During the development of the new preparedness plans, HSEMA created separate task forces to focus on key areas, including the ability to quickly deploy emergency power generation across the city. HSEMA is now working on a 10-year plan of investing in water infrastructure enhancements that will better harden the system and help it to fail more “gracefully.”
Neighboring Infrastructures & Private Sector Cooperation
On the other side of the Potomac River in Virginia, the issue of power resilience also is at the forefront of preparedness planning. Dominion Power, Virginia’s largest power utility, announced this year that it had embarked on a legislatively approved plan to bury approximately 4,000 miles of electrical distribution lines underground in areas where above-ground lines are most susceptible to storms. During the 2012 “derecho” storm, more than one million people lost power in Virginia. Although burying power lines will not guarantee power to residents during a major storm, Dominion anticipates that restoration time will be significantly shorter when outages do occur.
However, funding remains an issue for the plan. In 2005, a Virginia State Corporation Commission estimated the cost of burying all 58,000 miles of Dominion’s power lines at $83.3 billion. The current plan calls for moving 350 miles of power lines each year for the next 10-12 years at a cost of $175 million annually. Funding for the plan will come from customer rate adjustments or riders that still await approval by the State Corporation Commission.
Another important element in disaster preparedness and service restoration, particularly electrical services, involves the active cooperation with the private sector. “When Craig Fugate was director of Florida’s Division of Emergency Management, he called it the ‘Waffle House index’,” noted Waffle House spokesman, Pat Warner, vice president of culture, in a telephone interview on 24 September 2014. “Since Waffle House is a 24 by 7 by 365 operation, the status of our open locations was a good measure of power availability after a storm, which we have been sharing with emergency management agencies across the southeast for many years,” he added. The Waffle House Corporation has worked to restore power to their locations after major storms as quickly as possible, and has implemented a rapid response effort, including the delivery of generators and fuel to the hardest hit locations. “For many people, [Waffle House] is the first hot meal they have in the aftermath of a hurricane,” said Warner.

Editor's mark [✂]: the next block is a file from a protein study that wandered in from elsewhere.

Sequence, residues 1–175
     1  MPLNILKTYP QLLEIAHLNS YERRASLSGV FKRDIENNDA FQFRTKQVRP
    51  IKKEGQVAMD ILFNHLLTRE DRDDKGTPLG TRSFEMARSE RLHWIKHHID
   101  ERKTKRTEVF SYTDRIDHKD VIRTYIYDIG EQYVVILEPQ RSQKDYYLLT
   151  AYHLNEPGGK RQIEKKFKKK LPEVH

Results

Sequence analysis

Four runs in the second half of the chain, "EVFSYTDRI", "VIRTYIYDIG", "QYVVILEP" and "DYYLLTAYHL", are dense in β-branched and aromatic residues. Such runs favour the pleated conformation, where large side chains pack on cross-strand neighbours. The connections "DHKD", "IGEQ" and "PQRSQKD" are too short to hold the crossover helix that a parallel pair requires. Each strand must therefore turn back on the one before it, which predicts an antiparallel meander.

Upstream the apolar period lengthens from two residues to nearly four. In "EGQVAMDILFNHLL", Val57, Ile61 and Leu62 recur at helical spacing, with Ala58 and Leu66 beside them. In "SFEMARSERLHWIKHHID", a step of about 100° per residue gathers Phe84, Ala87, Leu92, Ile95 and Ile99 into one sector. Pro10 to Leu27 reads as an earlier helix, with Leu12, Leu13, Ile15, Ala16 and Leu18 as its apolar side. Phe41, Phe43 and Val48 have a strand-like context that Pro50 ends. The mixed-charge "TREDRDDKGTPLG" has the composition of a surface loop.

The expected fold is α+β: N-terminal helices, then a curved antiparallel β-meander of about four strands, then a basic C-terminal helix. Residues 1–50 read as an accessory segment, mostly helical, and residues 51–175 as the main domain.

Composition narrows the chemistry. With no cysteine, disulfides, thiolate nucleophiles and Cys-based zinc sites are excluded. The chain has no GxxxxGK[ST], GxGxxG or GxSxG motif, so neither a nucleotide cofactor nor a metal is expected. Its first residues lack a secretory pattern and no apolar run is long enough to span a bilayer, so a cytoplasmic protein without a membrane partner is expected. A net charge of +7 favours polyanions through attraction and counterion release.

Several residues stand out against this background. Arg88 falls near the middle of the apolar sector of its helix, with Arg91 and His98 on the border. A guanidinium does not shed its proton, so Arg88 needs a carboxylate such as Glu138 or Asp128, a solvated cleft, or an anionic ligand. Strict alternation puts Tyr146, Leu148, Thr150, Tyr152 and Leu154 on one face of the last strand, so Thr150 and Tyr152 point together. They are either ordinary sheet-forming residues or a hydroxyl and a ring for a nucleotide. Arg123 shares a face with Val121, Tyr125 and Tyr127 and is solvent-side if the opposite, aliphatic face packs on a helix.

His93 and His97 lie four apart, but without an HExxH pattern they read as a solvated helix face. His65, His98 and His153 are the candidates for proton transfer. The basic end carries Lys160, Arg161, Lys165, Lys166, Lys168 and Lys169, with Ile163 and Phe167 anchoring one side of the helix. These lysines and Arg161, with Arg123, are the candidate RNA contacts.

The information between Waffle House and other businesses and Florida emergency management agencies increased over time, including regular status updates from them and other businesses. When Fugate was appointed as Administrator of the Federal Emergency Management Agency (FEMA) in 2009, information exchange with the private sector increased, resulting in the establishment of the National Business Emergency Operations Center (NBEOC), which “serves as FEMA’s clearinghouse for two-way information sharing between public and private sector stakeholders in preparing for, responding to, and recovering from disasters.”
For the Waffle House, which has its own emergency operations center in Atlanta, Georgia, the focus now is to use social media to “push” information to customers about which locations are open in order to manage the flow of people. The company also has developed a new “Waffle House on Wheels,” which can go to the hardest hit or underserved locations following a major storm.
Emergency managers always must be ready for any challenge presented to them, particularly those that former Defense Secretary Donald Rumsfeld called, “the unknown, unknowns.” However, mitigating strategies, including the development of thoughtful and comprehensive preparedness and resilience plans, can help to reduce the severity and impact of even an “unknown” event. Coupled with a strategy of collaboration with the private sector, a more holistic view can be achieved by emergency managers, which is the first, and most important, step in addressing the problem at hand, and which also serves as the basis for future preparedness planning.
Rodrigo (Roddy) Moscoso
Rodrigo (Roddy) Moscoso is the executive director of the Capital Wireless Information Net (CapWIN) Program at the University of Maryland, which provides software and mission-critical data access services to first responders in and across dozens of jurisdictions, disciplines, and levels of government. Formerly with IBM Business Consulting Services, he has more than 20 years of experience supporting large-scale implementation projects for information technology, and extensive experience in several related fields such as change management, business process reengineering, human resources, and communications.